Detection & Inspection
Look to see if leaves are drying and dying early. Look for angular spots on the leaves, and cut out small pieces of the leaf from the edge of the spots and place them in a drop of water. Look for bacterial streaming - the streaming appears as white streaks in the water. Look for dark brown to black streaks on the green part of the stem, and for the presence of sticky liquid. Look for browning in the vascular tissues, i.e., the water conducting tubes, after peeling the bark and splitting the stem.
Whenever cassava varieties are moved between countries they should be as pathogen-tested plantlets growing in sterile media, according to the FAO/IBPGR Technical Guidelines for the Safe Movement of Cassava Germplasm. Seed should also be treated as stated in the Guidelines. Upon arrival in the receiving country, the plantlets and seed should be grown in containment and kept under observation.
- Carefully, choose cuttings for planting. Do not take them from diseased plantations as the plants may look healthy but have internal infections. If that is not possible, try and obtain cuttings from a trusted source. If neither is possible, look for plants without leaf and stem symptoms, and take from the oldest part of the stems up to 1 m above soil level. Check that there is no browning of the vascular tissues; if there is, discard the cuttings.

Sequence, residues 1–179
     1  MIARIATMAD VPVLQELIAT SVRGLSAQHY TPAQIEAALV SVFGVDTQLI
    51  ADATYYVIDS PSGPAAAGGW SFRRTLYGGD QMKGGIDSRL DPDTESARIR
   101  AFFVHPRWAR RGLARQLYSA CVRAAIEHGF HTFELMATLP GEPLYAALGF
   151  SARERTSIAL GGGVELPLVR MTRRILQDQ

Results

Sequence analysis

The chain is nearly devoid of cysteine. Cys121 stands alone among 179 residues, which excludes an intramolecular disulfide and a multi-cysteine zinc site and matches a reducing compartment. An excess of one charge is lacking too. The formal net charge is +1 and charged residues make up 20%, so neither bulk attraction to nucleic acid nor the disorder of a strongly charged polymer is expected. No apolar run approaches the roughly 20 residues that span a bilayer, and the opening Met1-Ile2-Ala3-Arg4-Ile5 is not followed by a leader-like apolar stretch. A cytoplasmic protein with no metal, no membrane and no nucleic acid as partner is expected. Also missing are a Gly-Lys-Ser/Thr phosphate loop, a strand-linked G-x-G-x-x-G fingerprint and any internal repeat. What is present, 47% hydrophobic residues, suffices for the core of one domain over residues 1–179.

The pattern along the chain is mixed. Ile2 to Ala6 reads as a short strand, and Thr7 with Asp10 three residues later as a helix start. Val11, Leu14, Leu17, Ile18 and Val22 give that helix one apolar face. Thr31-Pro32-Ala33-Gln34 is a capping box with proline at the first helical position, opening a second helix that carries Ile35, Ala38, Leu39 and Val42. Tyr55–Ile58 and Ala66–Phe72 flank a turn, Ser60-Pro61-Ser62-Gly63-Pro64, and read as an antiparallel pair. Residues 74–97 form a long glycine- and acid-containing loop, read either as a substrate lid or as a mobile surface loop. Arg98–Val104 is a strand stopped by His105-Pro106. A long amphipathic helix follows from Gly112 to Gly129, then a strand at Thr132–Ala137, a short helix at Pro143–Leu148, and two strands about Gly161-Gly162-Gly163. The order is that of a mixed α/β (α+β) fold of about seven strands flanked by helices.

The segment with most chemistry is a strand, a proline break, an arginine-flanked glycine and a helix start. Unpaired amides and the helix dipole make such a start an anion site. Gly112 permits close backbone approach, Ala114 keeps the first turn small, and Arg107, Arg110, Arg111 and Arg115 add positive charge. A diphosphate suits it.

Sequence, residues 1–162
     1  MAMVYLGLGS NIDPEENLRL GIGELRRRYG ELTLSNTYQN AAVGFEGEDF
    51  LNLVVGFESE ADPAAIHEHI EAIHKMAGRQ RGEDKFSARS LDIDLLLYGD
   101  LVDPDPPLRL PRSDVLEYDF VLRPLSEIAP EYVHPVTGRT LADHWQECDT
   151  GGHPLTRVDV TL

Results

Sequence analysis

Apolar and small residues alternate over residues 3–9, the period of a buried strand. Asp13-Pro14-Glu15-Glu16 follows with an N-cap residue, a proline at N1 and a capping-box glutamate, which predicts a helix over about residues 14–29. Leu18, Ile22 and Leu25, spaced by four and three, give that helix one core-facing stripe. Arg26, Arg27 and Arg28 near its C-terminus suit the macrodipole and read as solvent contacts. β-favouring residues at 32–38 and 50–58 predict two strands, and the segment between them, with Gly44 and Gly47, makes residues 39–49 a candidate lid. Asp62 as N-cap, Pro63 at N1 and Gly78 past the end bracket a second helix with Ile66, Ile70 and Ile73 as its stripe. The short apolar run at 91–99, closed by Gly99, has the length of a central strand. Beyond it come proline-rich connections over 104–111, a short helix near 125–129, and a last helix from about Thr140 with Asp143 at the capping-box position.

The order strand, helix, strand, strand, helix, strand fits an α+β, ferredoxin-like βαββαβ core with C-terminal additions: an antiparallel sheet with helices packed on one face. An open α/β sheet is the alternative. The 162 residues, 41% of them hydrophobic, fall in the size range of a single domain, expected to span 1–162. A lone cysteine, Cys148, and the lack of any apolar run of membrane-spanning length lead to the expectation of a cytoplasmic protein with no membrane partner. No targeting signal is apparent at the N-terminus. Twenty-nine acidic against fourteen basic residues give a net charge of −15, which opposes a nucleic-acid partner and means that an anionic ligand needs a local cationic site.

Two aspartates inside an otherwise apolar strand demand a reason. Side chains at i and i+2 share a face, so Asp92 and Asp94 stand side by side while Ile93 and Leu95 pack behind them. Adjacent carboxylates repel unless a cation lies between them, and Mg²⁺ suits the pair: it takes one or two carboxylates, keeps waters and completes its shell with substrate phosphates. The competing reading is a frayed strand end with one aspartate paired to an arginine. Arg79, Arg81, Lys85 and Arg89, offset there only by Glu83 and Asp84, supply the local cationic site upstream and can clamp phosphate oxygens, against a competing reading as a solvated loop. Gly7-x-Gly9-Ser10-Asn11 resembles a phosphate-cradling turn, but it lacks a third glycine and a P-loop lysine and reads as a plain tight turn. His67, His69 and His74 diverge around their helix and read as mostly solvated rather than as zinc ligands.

- Do not plant new plots of cassava next to those that are infected by the disease. And do not plant downwind as bacteria could be spread in wind-driven rain to the new planting.
- Do not plant crops of cassava one after another on the same land, especially if the last crop had the disease; leave a gap of 1-2 years.
- Cut out infected plants if only a few plants show symptoms; only do this during dry times, otherwise the disease may be spread in water droplets.
- Always clean the tools used in cassava plantations, and do not allow people into the plantings unless they are authorised; and also prevent animals from straying inside.
- Collect all the stems and other debris after harvest and burn or bury them, except for the cuttings carefully chosen for planting the next crop.
Check with government agricultural authorities for varieties that are tolerant to the disease. Many have been bred at international research stations in Africa and South America. The Secretariat of the Pacific Community (CePaCT lab) carries stocks of these varieties for countries to test. Check what is available.
This is not an option for the control of this disease.
* This fact sheet is extracted from the mobile app Pacific Pests and Pathogens available on iOS and Android. Written by Grahame Jackson with support from the Australian Centre for International Agricultural Research under project PC/2010/090: Strengthening integrated crop management research in the Pacific Islands in support of sustainable intensification of high-value crop production, implemented by the University of Queensland and the Secretariat of the Pacific Community.